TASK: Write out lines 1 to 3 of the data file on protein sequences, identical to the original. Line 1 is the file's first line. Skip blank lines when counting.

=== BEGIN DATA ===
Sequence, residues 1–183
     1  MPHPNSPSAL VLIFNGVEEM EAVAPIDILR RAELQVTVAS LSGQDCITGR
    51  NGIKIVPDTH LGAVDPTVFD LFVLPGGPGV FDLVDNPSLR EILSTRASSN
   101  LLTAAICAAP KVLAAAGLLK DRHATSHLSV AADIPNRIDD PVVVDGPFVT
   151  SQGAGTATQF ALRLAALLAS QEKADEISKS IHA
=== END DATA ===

Sequence, residues 1–183
     1  MPHPNSPSAL VLIFNGVEEM EAVAPIDILR RAELQVTVAS LSGQDCITGR
    51  NGIKIVPDTH LGAVDPTVFD LFVLPGGPGV FDLVDNPSLR EILSTRASSN